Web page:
Annual Report 2019

“We must shape this transformation together.”

Helge Braun, Head of the Federal Chancellery and Federal Minister for Special Tasks, at acatech’s 2019 Annual Meeting

“We need a new phase of social and technological progress.”

acatech Präsident Karl-Heinz Streibich

Foto: Mohit on Unsplash

A way forward

Circular Economy Initiative Deutschland

“What might sustainable agriculture look like in the future?”

We discuss this question in the third publication in the acatech HORIZONS series.

Presidents’ Foreword

Before we begin our review of 2019 at acatech, we would like to say a few words about the current coronavirus crisis. The acatech IMPULSE published at the end of March discussed three strands of action for managing the crisis: Intervention – Stabilisation – Stimulation. It is becoming increasingly clear that technology, and in particular digital technology, can help to build more resilient societies and economies that are better able to cope with crises like the current pandemic. As we speak, acatech and the technological sciences in general are working to make this happen.

Digital sovereignty and the environmental, economic and social dimensions of sustainability were recurring themes on the innovation policy agenda during the past year. Young people campaigned for climate action, forcing policymakers to sit up and take notice of the issues. While the German government decided to phase out coal-fired power stations and passed a Climate Protection Act, the expansion of wind power stalled. Protests calling for a radical reform of agricultural policy were met with counter-protests by farmers. Technology is not a panacea for these conflicts, but it does provide us with opportunities to address them. Ultimately, it is up to us as a society to harness technology for the good of mankind and the environment.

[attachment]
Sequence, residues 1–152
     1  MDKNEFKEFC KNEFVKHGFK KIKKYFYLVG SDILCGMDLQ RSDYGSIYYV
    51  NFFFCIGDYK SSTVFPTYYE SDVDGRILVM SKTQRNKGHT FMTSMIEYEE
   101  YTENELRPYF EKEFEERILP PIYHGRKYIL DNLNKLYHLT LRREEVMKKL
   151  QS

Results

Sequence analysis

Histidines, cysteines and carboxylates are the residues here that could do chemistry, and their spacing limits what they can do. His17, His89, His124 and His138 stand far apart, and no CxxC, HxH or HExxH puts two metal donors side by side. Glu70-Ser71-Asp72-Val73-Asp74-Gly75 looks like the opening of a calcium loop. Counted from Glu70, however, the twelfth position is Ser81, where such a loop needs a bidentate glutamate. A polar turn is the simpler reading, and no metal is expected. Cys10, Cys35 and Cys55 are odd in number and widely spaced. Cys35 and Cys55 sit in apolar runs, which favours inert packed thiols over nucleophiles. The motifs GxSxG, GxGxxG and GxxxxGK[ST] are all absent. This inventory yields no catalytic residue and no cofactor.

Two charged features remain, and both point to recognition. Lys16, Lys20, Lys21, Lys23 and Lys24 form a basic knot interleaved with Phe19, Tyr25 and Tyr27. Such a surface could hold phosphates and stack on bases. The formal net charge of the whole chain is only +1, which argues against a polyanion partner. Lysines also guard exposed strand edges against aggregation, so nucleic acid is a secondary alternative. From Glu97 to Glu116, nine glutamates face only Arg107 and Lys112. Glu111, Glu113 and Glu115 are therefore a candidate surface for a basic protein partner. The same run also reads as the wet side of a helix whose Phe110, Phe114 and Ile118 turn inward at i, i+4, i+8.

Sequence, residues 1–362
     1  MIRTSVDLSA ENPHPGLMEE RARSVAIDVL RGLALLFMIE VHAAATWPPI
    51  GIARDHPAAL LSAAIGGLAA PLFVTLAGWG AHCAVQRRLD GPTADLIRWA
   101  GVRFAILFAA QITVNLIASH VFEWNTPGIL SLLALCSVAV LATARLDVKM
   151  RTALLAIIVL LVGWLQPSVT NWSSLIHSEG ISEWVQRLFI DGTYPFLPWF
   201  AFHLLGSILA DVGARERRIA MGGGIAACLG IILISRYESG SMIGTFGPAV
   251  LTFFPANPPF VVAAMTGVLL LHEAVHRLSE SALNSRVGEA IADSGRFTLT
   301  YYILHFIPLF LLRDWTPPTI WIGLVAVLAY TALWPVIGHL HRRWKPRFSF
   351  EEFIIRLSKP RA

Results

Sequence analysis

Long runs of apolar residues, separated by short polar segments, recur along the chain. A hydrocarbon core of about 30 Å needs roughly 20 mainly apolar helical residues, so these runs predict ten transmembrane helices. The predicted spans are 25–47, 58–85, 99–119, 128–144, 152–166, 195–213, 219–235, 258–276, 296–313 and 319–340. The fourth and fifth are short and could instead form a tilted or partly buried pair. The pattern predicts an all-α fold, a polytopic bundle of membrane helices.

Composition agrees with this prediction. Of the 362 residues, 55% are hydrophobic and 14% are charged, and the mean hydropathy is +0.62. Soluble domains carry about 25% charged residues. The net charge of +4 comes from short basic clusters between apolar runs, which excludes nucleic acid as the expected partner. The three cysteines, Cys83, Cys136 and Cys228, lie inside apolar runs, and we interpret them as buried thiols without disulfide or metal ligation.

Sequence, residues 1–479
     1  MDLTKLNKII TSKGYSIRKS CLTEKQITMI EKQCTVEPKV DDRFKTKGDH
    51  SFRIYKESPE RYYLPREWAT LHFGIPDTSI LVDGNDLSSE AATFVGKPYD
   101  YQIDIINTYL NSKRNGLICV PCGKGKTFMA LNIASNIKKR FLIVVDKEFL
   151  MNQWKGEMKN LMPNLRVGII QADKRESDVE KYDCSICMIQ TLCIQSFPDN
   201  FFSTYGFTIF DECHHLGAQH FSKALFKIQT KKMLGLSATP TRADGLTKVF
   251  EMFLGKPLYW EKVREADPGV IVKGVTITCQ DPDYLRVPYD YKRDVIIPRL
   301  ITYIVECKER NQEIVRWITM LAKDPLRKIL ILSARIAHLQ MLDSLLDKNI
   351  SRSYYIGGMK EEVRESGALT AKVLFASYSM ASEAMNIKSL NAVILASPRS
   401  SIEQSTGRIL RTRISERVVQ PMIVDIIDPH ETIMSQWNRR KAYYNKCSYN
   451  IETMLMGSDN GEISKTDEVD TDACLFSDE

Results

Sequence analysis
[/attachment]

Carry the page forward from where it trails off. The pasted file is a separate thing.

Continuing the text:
During the past year, acatech worked towards this goal on several different fronts. For instance, we initiated the Circular Economy Initiative Deutschland, in which academia and industry are developing strategies to decouple economic growth from resource consumption. We also carried out a public survey on mobility and climate protection, published a target scenario for mobility post-2030 and, together with the National Platform Future of Mobility, moderated the debate about the best way of achieving it. The design of a carbon pricing system was one of the key themes addressed by our ESYS project, which pools expert advice in the climate protection debate. Finally, our latest “acatech HORIZONS” publication on sustainable agriculture investigated ways of making agriculture both environmentally sustainable and sustainable for consumers and farmers.

There is no shortage of good ideas. However, we urgently need to improve the productivity of our economy by modernising existing companies and founding new ones in order to translate good ideas into innovative, profitable goods and services. To this end, in 2019, we published a paper on growth finance, which is a key enabler in this context. We can no longer allow German start-ups to keep failing before they have a chance to become new champions because their access to finance dries up just when they have reached their growth phase. We discussed the relevant policy options with Federal Minister Peter Altmaier in March 2020, and warmly welcome the fact that the Federal Government has included start-ups in its economic support package for the current crisis.